#140WC Welcome Challenge #clmooc #etmooc

A Challenge

On November 10th, 2014 I made a commitment to myself and invited others to join — teachers, students, bloggers. The commitment? Write 140 words each day — 140 words more or less — but write — blog — everyday.  I wrote that challenge here: #140WC and continued each day since: #140WC posts.  Urbie Delgado has joined the challenge and posts regularly at Puzzling Mix.





Everyday I consider things I see, hear, read…. but they’re passing thoughts. So, why not take time each day and write. 140 words on some of these:

Do you gather ideas throughout the day?

Do you have ideas that meander through your mind?

Do you want to blog more but your topic hides?

Do you ever think, “I wish I’d written that down….?”

Then this challenge is for you!

Write 140 words each day! [or a little more or less — a thought each day!]

  • Share your ideas.
  • Share a link.
  • Share your lesson.
  • Share your reflection.
  • Share your questions.
  • Share your answers.
  • Share a tweet with your input
  • Share a blog with your insights
  • Share to carry on the conversation….

The benefit?

In a 140 words each day, your journey is formed, your ideas saved, your reflection framed.

In 140 words each day, your writing flows and grows more clearly.

In 140 words in day, your past and path is forged forward.


Will you join?  How about once a week? a month? 140 Word Count — you can do it!

Link to #140WC Badge

Join the #140WC Challenge

#clmooc Blog Conversations

Bangkok Street Portraits 8 - Mindful

Creative Commons License Photo Credit: Collin Key via Compfight


What is a conversation?

A conversation, the give and take of ideas among people. We converse in the hallway, at dinner, or any time we meet. We listen to the stories of our friends, and we share our own. We ask questions, and answer those of others. We laugh. We cry. We agree. We disagree. We consider what our friends say. We may even change our own ideas. But the important thing is, we share, consider, and continue the dialogue. That’s a conversation. Isn’t it?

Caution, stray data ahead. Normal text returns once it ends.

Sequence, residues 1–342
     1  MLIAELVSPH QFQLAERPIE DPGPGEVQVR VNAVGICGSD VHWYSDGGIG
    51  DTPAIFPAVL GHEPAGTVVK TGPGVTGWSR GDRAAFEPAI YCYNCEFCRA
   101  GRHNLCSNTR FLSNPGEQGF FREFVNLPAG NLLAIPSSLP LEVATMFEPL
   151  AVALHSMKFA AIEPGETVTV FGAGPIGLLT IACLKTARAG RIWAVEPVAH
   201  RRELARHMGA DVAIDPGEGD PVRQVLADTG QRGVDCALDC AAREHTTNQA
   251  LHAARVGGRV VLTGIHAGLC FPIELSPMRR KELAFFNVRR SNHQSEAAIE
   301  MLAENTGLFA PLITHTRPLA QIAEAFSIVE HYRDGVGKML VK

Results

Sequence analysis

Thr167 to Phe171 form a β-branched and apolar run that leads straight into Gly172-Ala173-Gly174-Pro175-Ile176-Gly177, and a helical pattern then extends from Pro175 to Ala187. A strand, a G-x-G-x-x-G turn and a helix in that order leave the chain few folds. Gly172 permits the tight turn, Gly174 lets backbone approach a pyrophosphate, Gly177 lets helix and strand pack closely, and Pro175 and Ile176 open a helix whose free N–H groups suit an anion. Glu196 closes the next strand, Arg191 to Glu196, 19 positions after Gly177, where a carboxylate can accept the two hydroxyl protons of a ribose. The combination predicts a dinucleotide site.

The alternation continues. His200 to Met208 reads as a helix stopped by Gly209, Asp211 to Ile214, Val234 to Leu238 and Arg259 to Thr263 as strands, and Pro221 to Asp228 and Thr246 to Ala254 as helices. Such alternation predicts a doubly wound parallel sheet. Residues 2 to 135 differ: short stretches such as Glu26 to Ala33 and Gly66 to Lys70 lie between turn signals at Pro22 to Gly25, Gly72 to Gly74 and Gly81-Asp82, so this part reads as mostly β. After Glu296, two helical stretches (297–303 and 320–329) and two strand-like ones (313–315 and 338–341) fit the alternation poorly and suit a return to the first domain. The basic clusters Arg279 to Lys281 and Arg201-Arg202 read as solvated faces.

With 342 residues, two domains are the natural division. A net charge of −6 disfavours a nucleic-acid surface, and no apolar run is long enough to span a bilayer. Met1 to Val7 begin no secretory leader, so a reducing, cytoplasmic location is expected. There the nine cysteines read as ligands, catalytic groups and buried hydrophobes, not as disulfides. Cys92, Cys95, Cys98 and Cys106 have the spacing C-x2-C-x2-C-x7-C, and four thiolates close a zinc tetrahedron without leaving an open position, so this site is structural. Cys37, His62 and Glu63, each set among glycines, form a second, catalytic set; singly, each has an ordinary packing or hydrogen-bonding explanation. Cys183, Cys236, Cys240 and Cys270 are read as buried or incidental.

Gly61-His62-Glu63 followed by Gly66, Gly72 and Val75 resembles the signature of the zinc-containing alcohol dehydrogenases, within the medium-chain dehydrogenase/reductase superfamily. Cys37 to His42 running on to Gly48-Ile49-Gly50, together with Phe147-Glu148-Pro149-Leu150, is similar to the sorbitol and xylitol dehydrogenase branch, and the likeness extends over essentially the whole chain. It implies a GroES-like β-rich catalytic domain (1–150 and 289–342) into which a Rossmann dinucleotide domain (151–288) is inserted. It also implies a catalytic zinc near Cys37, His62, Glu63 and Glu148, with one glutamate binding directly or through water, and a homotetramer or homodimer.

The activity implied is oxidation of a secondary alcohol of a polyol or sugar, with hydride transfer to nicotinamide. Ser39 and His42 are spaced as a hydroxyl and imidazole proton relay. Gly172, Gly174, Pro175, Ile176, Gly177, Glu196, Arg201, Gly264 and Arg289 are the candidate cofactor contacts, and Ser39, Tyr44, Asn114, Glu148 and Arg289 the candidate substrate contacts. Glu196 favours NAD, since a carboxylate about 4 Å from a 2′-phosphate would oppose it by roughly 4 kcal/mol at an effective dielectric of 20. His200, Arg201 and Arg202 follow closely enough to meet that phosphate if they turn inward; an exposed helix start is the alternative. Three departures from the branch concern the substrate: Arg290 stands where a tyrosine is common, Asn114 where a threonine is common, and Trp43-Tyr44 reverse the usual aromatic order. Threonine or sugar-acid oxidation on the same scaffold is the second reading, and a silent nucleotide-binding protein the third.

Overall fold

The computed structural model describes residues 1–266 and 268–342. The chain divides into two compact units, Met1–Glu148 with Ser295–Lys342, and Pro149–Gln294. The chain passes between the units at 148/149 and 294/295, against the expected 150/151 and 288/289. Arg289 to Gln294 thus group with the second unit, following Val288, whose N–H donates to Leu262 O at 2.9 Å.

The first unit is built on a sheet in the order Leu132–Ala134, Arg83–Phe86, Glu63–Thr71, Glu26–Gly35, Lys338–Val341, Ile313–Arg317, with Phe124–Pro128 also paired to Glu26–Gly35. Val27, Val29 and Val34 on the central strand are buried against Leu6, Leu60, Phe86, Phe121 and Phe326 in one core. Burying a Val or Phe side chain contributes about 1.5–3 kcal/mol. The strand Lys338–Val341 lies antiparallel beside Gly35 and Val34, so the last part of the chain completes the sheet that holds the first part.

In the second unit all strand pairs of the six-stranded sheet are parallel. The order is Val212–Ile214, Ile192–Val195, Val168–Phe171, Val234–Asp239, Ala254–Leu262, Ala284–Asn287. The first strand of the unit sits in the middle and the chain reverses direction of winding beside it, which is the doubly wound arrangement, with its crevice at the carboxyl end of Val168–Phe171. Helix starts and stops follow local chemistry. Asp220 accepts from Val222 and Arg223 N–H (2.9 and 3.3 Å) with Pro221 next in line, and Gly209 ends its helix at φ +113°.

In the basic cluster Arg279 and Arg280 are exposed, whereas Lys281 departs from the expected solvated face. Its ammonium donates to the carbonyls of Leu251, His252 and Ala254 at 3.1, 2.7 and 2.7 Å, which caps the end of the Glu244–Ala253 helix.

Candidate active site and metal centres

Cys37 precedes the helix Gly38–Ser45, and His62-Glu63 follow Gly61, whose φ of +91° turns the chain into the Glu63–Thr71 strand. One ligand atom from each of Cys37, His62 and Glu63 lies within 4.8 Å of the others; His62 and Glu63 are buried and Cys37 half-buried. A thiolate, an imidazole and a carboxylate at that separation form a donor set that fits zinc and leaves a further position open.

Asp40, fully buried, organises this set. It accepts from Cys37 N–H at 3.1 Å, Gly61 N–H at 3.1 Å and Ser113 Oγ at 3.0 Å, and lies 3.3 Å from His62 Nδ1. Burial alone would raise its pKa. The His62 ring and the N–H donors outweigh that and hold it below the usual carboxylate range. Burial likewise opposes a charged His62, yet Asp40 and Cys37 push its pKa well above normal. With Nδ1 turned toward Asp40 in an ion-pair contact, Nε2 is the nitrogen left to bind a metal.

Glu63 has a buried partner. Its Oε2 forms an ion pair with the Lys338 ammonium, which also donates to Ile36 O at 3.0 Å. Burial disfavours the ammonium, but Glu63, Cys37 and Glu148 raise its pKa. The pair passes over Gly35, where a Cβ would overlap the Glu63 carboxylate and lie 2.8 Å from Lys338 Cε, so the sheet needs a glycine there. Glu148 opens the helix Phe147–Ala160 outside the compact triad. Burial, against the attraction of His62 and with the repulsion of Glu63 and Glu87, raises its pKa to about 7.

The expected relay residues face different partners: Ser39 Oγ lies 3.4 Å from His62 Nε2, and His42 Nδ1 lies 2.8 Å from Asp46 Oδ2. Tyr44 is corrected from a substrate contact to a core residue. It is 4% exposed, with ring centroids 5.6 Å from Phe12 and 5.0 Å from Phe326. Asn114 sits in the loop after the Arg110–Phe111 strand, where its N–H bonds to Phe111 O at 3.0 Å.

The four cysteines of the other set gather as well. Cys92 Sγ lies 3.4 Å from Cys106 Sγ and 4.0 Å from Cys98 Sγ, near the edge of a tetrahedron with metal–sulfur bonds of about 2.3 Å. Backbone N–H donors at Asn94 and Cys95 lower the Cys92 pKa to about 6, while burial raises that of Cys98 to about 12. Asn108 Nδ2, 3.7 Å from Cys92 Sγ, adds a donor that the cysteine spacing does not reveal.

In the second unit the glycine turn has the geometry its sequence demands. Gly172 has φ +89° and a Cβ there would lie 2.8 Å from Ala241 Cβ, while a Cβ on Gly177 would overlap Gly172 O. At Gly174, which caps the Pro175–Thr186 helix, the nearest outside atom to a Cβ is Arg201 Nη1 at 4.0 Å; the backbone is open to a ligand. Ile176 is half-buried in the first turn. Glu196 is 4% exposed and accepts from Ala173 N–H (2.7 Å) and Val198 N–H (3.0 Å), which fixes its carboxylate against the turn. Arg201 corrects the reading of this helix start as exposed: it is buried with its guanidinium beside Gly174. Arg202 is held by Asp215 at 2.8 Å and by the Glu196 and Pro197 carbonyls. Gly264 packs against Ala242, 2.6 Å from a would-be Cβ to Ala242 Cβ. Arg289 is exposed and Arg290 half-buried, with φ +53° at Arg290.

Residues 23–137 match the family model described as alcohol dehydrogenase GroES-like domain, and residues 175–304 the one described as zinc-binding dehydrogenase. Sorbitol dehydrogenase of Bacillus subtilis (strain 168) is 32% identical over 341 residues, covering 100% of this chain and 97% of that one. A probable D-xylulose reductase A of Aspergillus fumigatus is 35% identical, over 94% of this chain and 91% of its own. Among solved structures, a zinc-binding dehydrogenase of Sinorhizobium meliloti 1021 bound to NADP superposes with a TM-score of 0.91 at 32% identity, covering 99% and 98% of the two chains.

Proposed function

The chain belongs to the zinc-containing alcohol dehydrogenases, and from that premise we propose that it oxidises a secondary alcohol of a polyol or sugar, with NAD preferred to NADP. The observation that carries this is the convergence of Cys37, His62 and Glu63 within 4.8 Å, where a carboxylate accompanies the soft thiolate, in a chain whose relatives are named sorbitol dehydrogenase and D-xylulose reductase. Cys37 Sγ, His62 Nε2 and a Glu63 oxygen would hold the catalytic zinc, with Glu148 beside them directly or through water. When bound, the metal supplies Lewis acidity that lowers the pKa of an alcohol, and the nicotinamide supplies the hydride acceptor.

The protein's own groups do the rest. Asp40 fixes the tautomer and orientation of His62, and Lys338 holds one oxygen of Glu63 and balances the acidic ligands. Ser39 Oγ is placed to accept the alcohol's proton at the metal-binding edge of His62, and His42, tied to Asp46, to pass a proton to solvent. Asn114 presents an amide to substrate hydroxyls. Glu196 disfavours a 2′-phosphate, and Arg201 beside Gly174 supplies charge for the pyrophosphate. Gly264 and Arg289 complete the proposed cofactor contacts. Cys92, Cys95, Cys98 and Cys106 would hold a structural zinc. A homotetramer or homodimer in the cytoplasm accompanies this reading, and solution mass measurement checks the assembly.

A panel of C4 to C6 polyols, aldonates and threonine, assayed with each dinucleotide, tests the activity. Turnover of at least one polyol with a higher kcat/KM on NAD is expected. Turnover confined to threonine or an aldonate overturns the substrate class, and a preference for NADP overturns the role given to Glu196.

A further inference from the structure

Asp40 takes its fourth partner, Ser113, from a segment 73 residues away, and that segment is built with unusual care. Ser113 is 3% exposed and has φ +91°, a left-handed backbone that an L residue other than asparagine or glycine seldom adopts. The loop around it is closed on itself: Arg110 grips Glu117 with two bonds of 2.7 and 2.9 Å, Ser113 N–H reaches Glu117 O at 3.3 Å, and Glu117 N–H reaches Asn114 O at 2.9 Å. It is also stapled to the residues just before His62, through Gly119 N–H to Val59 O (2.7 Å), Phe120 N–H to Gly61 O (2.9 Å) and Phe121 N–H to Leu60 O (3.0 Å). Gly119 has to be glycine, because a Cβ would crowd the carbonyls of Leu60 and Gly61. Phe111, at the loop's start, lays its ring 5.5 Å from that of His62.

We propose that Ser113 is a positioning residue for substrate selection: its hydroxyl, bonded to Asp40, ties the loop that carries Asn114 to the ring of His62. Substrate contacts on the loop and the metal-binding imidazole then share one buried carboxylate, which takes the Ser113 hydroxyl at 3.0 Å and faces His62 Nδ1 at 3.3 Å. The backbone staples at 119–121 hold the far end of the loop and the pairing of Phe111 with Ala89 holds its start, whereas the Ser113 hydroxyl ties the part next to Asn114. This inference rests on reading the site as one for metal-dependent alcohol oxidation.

What is a blog conversation?

As you have been practicing, good bloggers spend time reading and commenting on others’ blogs. We look for posts of interest to us and leave a comment expressing our ideas and appreciation for the topic information. Commenting is a form of conversation with the author of the blog.

As bloggers, we can do more to extend the conversation. We can add value to others’ ideas by extending the conversation into our own blogs.

When we read others’ blog posts. We enjoy, learn, or disagree with them. In our minds, we have a response. That’s what we want to capture, that spark of connection when we read the posts.

Read to find that spark, that connection — the place in the blog post you think, “Ah.” or “What?” or “Yeah.”

At that point, that’s your cue to add to the conversation. It’s your gift back from the value given in the post. Copy that part of the idea.

Then, with the best digital citizenship in mind, we write a post about that idea, and your gift back: do you agree? disagree? learn something? have a different or new idea?

Go for it: Share their idea and your response — being overly positive as we always do so the author feels accepted and not disrespected.

Link back to the original blog.

Then comment on the blog with a link to your response post.

You’ve just started a blog conversation!

 So, How do I start a blog conversation?

  1. Find a post with a spark — an idea that you connect with other ideas
  2. Copy that part of the post
  3. Start your post with that quote and the author’s name.
  4. Link the author’s name to their blog (put the URL of that POST as a link from the name)
  5. Thank the author for their idea
  6. Add your ideas: a new idea, a different idea, an agreement and why, a respectful disagreement [I wonder if…], a question and your answer
  7. Publish your post
  8. Go back to the original post and comment with a link to your post
  9. Smile: You’re a blogger!

 Blogging is a Conversation

If you blog, you’re a writer, an author, but take it further, be a the blogger that adds value to your connections. Be a connected learner.

This blog post is an extension of a conversation learned in a WizIQ webinar I took with  Stephen Downes, which I wrote about here, to share my learning and my response to that webinar learning. I learned that the connections are what is important:

  • In order for what we are saying to make any sense, it needs to be a response to something.
  • Find places where you can add value rather than pursue a particular goal or objective
  • In almost all fields, connecting with others IS the work.
  • Connecting is all about adding value and flow (input, output, feedback, plasticity)

That post of mine and this post for you are part of the flow, the extension of the conversation from the gift of learning from  Stephen Downes. I decided to make changes in my blogging practice and to share that with you:

  1. Read and comment on blogs; blog a response (this is one of my responses).
  2. For my students, we will now read others’ blogs first, blog our response of those that touch our hearts and minds, and comment back with a link to our posts.